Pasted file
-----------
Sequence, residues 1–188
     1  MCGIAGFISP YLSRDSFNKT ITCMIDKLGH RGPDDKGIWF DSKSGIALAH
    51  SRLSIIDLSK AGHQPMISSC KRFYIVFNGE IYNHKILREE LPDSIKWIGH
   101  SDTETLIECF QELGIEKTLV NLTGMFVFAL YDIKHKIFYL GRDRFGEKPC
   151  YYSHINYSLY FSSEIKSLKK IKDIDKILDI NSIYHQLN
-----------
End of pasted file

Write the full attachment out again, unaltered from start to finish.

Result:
Sequence, residues 1–188
     1  MCGIAGFISP YLSRDSFNKT ITCMIDKLGH RGPDDKGIWF DSKSGIALAH
    51  SRLSIIDLSK AGHQPMISSC KRFYIVFNGE IYNHKILREE LPDSIKWIGH
   101  SDTETLIECF QELGIEKTLV NLTGMFVFAL YDIKHKIFYL GRDRFGEKPC
   151  YYSHINYSLY FSSEIKSLKK IKDIDKILDI NSIYHQLN